DWI has been a mandatory tool in the diagnosis of a TIA or acute ischemic stroke (19). DWI is more sensitive than CT for detecting acute ischemia, and up to one-third of patients diagnosed with TIA were found to have an acute infarct on DWI (20). The frequency of positive DWI findings varied from 9 to 67% among different cohorts of TIA (12, 21, 22). A meta-analysis of the 9,078 patients in 47 studies showed that 34.3% of patients had a DWI lesion (23). The incidence of DWI positivity in our series was similar to previous reports (9, 23, 24). It has been reported that one of the important factors that affect DWI positivity rate was the duration from stroke onset to MRI examination (25). In our present study, the mean time from symptom onset to MRI was 72 h. It is probable that if patients receiving MRI within the first 24–48 h were more likely to have acute DWI lesions than patients receiving MRI after 72 h.

In resource-limited settings, the clinical evaluation could be quite important to stratify different risk factors of TIA patients. In patients with TIA, symptom duration of more than 1 h, motor deficits, and aphasia were independently correlated with detecting an abnormality with DWI (21). Subcortical acute lesions were also reported in patients with TIA, that were associated with recurrent episodes, dysarthria, and motor weakness (26). The data from Germany also indicated that the evidence of acute infarction by DWI in TIA patients was detected in 11.1 % of patients and associated with motor weakness, aphasia, and NIHSS score of ≥10 at admission (6). Our results were also consistent with these previous findings (6, 21, 24, 26, 27), especially positive DWI in TIA patients performed with the motor weakness and speech abnormalities (27). We also found that ABCD3-I showed the greatest area under the ROC curve. It was reported that the area under the ROC curve of ABCD2 score and ABCD3-I score was 0.50 and 0.58 in South Korea population (28). Our study was also in line with this study (15, 29). As for the Dawson score, we found that the AUC for the Dawson score was 0.684 in our study, which was also quite similar to the population from the United Kingdom (30). However, before applying the ABCD system or Dawson score as risk stratification, the physician should always keep in mind to never neglect the individual examination of TIA patient (31).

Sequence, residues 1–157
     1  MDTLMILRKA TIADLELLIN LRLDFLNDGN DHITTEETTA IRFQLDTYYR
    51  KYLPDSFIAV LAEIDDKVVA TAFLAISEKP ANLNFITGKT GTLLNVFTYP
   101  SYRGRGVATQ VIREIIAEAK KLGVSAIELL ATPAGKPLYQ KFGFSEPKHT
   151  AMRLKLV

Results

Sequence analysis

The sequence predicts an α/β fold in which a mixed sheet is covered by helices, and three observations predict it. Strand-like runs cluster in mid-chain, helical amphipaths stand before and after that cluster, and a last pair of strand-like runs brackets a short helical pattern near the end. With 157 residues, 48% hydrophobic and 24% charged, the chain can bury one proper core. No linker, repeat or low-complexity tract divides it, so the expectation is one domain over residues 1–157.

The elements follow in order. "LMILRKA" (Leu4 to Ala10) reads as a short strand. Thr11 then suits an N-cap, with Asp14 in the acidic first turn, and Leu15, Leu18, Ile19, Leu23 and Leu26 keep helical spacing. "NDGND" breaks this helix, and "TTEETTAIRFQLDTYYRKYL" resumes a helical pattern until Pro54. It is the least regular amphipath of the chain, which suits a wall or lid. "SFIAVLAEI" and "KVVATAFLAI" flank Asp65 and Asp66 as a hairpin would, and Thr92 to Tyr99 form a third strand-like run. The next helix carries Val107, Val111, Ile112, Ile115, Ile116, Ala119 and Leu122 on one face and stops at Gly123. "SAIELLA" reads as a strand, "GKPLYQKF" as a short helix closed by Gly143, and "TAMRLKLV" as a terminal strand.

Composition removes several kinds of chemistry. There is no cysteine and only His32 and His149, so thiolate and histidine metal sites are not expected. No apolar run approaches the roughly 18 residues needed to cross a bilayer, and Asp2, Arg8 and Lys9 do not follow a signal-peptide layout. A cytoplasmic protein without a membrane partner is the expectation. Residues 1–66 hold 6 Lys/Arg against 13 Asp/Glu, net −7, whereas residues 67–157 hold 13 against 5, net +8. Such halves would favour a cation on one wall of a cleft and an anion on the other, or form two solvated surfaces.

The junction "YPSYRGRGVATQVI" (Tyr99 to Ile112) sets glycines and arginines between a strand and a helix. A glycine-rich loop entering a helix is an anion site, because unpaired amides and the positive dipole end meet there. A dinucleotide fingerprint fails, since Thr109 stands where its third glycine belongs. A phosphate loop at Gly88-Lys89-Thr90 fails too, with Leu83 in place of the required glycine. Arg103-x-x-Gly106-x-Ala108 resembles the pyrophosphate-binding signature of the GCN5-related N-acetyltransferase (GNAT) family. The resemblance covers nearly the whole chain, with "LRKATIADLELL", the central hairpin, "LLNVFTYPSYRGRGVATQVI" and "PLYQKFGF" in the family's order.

Our study had several limitations. First, this study was designed as a retrospective study from a single center. A study with a larger number of patients from multiple centers in China is urgently needed to confirm our results. Second, it has been reported that patients with acute DWI lesions more often performed a cardioembolic etiology or large artery atherosclerosis cause (32). As for the etiology of the TIA, however, we only classified the TIA patients with positive DWI group according to the TOAST, which were not performed in all the TIA patients. Third, we did not assess the risk factors of the recurrence of TIA or stroke, lack of subgroup analysis such as low, medium, and high risk according to ABCD2/ABCD3/ABCD3-I scores. Fourth, another limitation was the lack of data regarding prior treatment and follow-up in our study. However, the strengths of the study were listed as follows. First, as far as we know, the present study is the largest ever reported MRI including DWI investigation of TIA that identifies clinical predictors for evidence of acute infarction in patients suffering from TIA in China. Secondly, we found the levels of homocysteine and FBG were significantly higher in the DWI-positive group compared to DWI-negative group, which was a novelty in this study. Third, we further validated its utility of Dawson score in a Chinese population.

Conclusion

In summary, our findings demonstrated that an acute infarction was detected in 29.3% of clinical diagnosed TIA patients, and it was independently associated with motor weakness, speech abnormalities, and higher ABCD3-I score at admission. A larger number of patients from multiple centers in China are urgently needed to confirm our findings, especially higher ABCD3-I score as predictors of positive DWI.